Construction industry and labor union officials say a new federal report that construction fatalities declined 10% last year suggests the industry is getting safer. The officials also were encouraged that construction's 2010 fatality rate, a better indicator of safety trends, was down as well.

However, construction still has more fatalities than any other industry.

According to preliminary data released on Aug. 25 by the U.S. Bureau of Labor Statistics, 751 workers in the construction industry died on the job last year, compared with 834 in 2009. BLS will release its final 2010 numbers next spring.

BLS suggests the sluggish economy could have contributed to the decline in construction fatalities. Total construction hours worked fell 6% last year, following drops in the previous two years.

But construction's fatality rate, which adjusts for changes in the active workforce, also decreased last year, to 9.5 per 100,000 full-time-equivalent workers, compared with 9.9 in 2009. The longer-range trend in construction's fatality rate is generally positive. It was 9.7 in 2008, 10.8 in 2007 and 11.2 in 2006.

Construction and union officials say they believe the industry is safer than in previous years due to better enforcement, more emphasis on companies' safety training programs and cooperative programs, such as alliances between firms and the Occupational Safety and Health Administration.

Sue Dong, data-center director for CPWR—The Center for Construction Research and Training, Silver Spring, Md., says construction fatalities have dropped significantly since the early to mid-1990s. She says, “We do see a decline, which means in addition to the impact of the economy, the construction industry performs better [and] is safer than years ago.”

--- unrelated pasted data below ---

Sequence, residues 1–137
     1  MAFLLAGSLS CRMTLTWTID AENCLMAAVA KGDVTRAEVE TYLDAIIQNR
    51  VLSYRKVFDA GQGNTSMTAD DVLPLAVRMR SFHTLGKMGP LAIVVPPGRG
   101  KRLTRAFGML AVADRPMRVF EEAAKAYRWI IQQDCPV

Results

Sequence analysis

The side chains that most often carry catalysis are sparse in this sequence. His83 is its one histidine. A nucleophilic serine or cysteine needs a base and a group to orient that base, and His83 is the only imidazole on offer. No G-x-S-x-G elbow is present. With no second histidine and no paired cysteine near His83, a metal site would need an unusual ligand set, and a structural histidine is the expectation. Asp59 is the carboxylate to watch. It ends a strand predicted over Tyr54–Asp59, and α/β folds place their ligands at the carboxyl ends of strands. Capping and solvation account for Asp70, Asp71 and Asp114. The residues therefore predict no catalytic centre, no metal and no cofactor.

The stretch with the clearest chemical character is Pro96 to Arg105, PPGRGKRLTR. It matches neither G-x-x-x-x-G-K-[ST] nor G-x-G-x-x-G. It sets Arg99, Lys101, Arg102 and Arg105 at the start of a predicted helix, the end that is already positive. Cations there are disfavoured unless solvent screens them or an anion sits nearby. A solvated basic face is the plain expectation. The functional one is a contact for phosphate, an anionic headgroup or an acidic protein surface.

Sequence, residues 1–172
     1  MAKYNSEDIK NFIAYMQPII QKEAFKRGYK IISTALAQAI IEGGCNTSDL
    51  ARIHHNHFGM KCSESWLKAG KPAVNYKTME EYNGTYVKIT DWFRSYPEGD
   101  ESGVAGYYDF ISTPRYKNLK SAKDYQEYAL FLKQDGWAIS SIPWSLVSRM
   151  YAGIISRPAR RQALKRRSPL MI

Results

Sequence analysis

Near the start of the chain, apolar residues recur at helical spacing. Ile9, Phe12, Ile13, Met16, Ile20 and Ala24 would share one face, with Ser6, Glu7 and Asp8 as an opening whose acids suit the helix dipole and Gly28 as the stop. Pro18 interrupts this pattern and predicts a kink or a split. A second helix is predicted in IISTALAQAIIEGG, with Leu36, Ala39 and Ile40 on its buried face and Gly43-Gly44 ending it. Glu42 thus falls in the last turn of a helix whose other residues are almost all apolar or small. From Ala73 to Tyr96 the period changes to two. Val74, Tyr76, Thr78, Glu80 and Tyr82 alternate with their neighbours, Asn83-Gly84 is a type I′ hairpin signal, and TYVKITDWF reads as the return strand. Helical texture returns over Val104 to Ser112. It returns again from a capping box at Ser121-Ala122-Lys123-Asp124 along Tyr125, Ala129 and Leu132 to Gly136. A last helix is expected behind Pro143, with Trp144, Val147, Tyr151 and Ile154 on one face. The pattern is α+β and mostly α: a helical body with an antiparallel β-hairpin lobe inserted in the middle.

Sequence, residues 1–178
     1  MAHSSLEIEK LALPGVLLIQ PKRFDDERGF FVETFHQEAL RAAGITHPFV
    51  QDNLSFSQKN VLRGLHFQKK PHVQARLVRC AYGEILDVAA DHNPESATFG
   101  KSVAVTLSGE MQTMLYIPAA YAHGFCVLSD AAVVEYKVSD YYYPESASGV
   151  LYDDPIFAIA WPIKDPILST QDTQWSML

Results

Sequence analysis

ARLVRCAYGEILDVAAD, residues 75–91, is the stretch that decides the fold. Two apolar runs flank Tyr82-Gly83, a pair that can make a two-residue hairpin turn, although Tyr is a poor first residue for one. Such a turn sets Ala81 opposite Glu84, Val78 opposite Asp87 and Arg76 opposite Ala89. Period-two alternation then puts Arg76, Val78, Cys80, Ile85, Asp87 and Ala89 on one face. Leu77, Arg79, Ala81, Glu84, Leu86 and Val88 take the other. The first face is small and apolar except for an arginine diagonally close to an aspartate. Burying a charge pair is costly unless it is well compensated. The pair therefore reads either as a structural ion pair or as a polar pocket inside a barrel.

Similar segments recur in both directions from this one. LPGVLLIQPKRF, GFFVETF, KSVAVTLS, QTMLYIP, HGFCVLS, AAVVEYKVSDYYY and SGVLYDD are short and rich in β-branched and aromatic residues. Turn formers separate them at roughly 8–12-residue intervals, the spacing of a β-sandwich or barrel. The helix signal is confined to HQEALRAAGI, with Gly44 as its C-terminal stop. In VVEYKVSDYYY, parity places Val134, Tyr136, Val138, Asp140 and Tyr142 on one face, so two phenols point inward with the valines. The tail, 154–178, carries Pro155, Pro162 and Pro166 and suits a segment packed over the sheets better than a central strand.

She attributes the decline largely to the efforts of OSHA and groups like CPWR, which is an affiliate of the AFL-CIO Building and Construction Trades Dept.

The Associated Builders and Contractors and the Associated General Contractors of America say safety is a top priority among their members. ABC’s 2011 national chairman, Mike Uremovich, says, “Our goal is zero fatalities and zero recordables. In our view, all accidents are avoidable.”

This fall, ABC is launching a new cooperative program with insurance carrier CNA to improve safety performance at participating firms. Uremovich says the cooperative programs, rather than enforcement efforts, “are the way we need to go.”

Scott Schneider, director of occupational safety and health for the Laborers' Health and Safety Fund of North America, says that although "we are making progress," 751 fatalities "is a lot of people killed, especially compared to other countries where they do significantly better [in terms of] construction and safety fatalities."

Schneider says an OSHA program to reduce trench fatalities, which paired a strong message with tough enforcement, has made a "huge difference," cutting the number of fatalities from unprotected trenches in half over the past several years.

The laborers' health and safety fund is working with OSHA and other organizations to develop a similar program aimed at preventing falls on jobsites, Schneider adds.